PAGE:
By T. D. Thornton
The United States Supreme Court on Monday opted not to get involved in a years-long court dispute over whether the major professional and college sports leagues owe the New Jersey Thoroughbred Horsemen’s Association (NJTHA) $150 million in alleged damages.
The Associated Press reported that the case now goes back to a federal court in New Jersey, where a judge will consider evidence from both sides and decide how much the leagues have to pay.
Some $3.4 million in potential damages had been escrowed in 2014 when the four major U.S. pro sports leagues and one college sports regulatory body (NFL, MLB, NBA, NHL and NCAA) first tried to block Monmouth Park’s initial attempt at getting sports betting up and running.
Then in May 2018, the Supreme Court struck down the federal law that had prohibited sports betting in all but a few grandfathered states. Soon after, the NJTHA-run Monmouth opened for legalized sports betting.
Yet even though its sports betting operation was finally up and running, the NJTHA never stopped chasing the money that had been placed in escrow
A September 2019 decision by a U.S. Court of Appeals (Third Circuit) panel of judges ruled that because Monmouth had initially been unlawfully subjected to a no-sports-betting injunction for 28 days in 2014 when it first tried to get into the sports betting business, it had been “wrongfully enjoined” because it “had a right all along to do what is was enjoined when the leagues first tried to block sports betting.”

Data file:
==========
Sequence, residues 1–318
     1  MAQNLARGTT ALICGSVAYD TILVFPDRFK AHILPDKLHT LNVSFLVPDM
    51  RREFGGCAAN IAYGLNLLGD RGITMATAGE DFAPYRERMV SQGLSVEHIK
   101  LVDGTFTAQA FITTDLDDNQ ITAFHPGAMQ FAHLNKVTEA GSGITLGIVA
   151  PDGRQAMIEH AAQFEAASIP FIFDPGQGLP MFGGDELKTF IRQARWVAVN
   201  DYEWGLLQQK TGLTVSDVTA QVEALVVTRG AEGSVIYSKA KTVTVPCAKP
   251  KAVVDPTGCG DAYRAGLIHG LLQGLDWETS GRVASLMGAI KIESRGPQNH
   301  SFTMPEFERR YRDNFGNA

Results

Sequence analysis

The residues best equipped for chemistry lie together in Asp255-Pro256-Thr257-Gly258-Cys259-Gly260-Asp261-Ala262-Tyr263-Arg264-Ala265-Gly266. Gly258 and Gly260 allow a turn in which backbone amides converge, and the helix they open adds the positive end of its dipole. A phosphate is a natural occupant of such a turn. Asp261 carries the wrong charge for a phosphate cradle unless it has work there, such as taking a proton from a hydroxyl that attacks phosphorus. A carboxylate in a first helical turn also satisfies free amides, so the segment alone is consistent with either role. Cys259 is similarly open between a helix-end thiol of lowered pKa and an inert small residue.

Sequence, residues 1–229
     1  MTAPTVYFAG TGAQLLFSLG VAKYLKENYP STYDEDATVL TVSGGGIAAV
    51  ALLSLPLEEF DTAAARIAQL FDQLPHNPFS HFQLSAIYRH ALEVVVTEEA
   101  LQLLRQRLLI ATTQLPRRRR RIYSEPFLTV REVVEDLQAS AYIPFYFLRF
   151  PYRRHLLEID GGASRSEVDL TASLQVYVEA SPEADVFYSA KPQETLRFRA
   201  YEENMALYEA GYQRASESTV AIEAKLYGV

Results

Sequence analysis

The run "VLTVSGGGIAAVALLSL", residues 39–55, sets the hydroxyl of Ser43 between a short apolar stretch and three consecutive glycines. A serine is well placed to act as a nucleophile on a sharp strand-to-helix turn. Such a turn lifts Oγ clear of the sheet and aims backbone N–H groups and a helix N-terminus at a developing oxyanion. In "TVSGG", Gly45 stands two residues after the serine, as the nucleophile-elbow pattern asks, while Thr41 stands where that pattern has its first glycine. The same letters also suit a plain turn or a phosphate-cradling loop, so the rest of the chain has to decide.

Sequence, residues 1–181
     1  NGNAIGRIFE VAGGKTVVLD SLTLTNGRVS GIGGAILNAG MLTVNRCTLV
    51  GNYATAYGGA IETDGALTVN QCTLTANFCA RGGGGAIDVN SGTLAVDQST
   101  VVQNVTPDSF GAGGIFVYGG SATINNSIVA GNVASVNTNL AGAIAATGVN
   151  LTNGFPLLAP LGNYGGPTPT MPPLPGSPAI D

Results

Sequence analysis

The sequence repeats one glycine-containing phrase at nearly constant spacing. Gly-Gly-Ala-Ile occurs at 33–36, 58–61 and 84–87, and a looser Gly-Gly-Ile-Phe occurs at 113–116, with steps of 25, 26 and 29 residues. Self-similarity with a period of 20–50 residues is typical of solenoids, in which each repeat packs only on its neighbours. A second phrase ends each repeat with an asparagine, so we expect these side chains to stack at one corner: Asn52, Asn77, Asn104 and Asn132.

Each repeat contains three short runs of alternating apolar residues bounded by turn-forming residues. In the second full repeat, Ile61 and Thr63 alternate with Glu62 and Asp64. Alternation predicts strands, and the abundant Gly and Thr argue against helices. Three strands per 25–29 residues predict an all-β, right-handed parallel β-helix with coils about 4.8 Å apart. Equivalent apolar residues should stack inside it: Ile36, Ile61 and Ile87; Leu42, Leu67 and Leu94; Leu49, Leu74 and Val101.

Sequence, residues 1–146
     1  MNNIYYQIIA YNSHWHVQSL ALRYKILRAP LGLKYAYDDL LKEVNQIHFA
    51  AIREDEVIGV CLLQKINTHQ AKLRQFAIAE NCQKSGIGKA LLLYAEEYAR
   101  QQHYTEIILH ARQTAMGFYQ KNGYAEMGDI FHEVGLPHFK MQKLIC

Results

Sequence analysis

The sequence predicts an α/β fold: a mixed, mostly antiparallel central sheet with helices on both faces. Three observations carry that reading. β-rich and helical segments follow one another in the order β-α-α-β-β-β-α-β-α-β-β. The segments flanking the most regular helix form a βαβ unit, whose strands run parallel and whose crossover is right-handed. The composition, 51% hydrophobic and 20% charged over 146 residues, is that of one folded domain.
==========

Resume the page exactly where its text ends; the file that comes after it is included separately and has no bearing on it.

But the NJTHA has claimed in court filings that it is entitled to damages that are actually $150 million, far higher than the amount that had been escrowed. The association’s argument is that it got wrongfully shut out of sports betting for four years, not the original four weeks that the escrow period covered.
After that 2019 ruling came out, the leagues fired back, first requesting an “en banc review” into the case. When that was denied, the two sides sparred for several months at the U.S. District Court level. They agreed to halt proceedings until the U.S. Supreme Court decided whether it would hear the writ of certiorari filed by the leagues, which essentially asked for the nation’s highest court to reconsider that “wrongfully enjoined” verdict from 2019.
Writs of certiorari filed at the Supreme Court level are rarely granted, and Monday’s denial was one of scores of such denials that got entered into the books without so much as a line of explanation from the judges.
Ronald Riccio, an attorney represented the NJTHA, immediately filed a letter dated Monday with the U.S. District Court of New Jersey exercising the group’s “right to renew its motion for immediate judgment” of the full amount of the injunction bond, plus interest, and for “partial summary judgment” as to plaintiffs’ “liability for damages in excess of bond amount.”
John Brennan, who has been covering the case for New Jersey Online Gambling, wrote that the next step presents “a complex question. The horsemen clearly were improperly prevented from offering what turned out to be a legal product–sports betting–for almost four years. But the leagues will have a case to make that they shouldn’t be held liable for the legal errors of multiple judges.”